Speaking of both the Trefriw Woollen Mills and my mum - big news! My family and I will be going to Wales again this year to visit! (My mum. But also hopefully the Mill.) We're a bit anxious about Teacup's first international flight and potential jet lag, but also very excited about the holiday and all the exciting things we will get to do. The trip should be a mix of adventurous activities for my husband, quiet wandering around nice villages and sitting in cafes and parks for me and Teacup, and toddler-friendly activities for all of us. Teacup and I will be staying on an extra week with my mum, when we'll get to do the things we love, like Woollen Mills and historic houses and shopping.

If you have any suggestions for great things to do in North Wales or the surrounding area, I'd love to hear them!

Tuesday, 12 January 2016

"Selling Millinery" August 12, 1942

Even now, when hats are not the necessary addition to an outfit that they once were, hat styles go in and out of fashion. Back in 1942, the change was more rapid and the options for hats - the style, the materials, the trims - were more numerous.

Having trawled through so many issues of the Australian Women's Weekly, I suppose I assumed (if I thought about it at all) that magazines and their brief fashion reports were the place to go to keep up with the changing fashions. For most women, it probably was.

Until I saw this newspaper section (and more like it) for sale on Instagram (via adelinesattic), it hadn't occurred to me that there might be a trade publication to distribute this knowledge directly to the sales girls who would have been working in so many hat shops and department stores, and needing to seem up-to-date on all the latest modes.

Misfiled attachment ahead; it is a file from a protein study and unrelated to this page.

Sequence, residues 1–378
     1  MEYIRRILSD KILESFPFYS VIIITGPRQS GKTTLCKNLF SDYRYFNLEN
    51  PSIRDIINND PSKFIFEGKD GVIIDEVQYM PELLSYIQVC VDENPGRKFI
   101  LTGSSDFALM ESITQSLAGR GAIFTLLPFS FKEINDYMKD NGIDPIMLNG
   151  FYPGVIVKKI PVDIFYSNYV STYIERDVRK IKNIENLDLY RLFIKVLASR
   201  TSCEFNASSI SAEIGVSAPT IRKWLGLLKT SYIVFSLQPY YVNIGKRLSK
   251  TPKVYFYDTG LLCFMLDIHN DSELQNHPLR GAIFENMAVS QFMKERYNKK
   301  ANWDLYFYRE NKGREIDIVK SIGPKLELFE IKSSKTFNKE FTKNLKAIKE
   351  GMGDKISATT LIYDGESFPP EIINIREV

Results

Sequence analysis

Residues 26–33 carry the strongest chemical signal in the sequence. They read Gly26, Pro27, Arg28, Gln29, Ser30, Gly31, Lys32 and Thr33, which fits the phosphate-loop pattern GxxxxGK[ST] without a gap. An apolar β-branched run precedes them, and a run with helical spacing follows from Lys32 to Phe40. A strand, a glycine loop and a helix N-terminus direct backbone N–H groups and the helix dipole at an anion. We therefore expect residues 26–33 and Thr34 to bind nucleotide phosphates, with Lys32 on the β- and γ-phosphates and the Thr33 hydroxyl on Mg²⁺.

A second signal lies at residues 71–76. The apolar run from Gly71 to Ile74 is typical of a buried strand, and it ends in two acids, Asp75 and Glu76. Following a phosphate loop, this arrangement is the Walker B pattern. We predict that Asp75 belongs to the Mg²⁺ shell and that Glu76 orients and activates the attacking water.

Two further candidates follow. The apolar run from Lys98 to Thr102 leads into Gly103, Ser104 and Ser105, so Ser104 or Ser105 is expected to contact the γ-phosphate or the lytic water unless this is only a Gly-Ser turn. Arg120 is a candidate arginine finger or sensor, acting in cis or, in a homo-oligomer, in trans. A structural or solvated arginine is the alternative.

I bought two sections on millinery, one on gloves (for my sister as a Christmas present) and one on Christmas selling. So far I have only read this one, here and there as I eat my breakfast and my husband laughs at me.

Reading this was a really fascinating way to get a thorough look at the fashions of the times, not just in images but in detailed descriptions of the styles, materials, colours and trims, along with when and where they might be worn and with what. Add to that some entertaining ads and commentary along the way, and you've got a good read, in my opinion!

Here are some of the exciting new features on the season's hats. Brilliant colours includes such combinations as green and orange, which I think I personally could live without. This hat is one example of such, and I think I'm happier enjoying it in black and white. (I'm sure some of you could make green and orange work, and good for you, but I'm not in that camp!)

The war is frequently mentioned, not just in relation to "priority-free trims" and so on, but also in discussing the needs of your customer.

"These "after five" hats will achieve the purpose for which they were created. They will lift the spirits of the wearer and of those who see her, for a few precious hours, into a mood of gaiety and relaxation not to be forgotten by the men when they return to duty."

They also influence the styles in fashion, with patriotic loyalties leading to style being influenced by "our Allies in the present conflict", leading to Chinese and Russian styles, for example, and peasant motifs from Norway and France, and military colours are also popular.

The section on Customer Types is fabulous, with not only figure and face shapes, but also a "general style type" based on her personality and lifestyle. Which of these do you think you are? I can't decide, or perhaps I'm just in denial.

Following this are thorough pages on felt, woven and knitted materials and those "Priority-free Trimmings", though in general the season is apparently bringing fewer trims as the style lines of the hat take centre stage.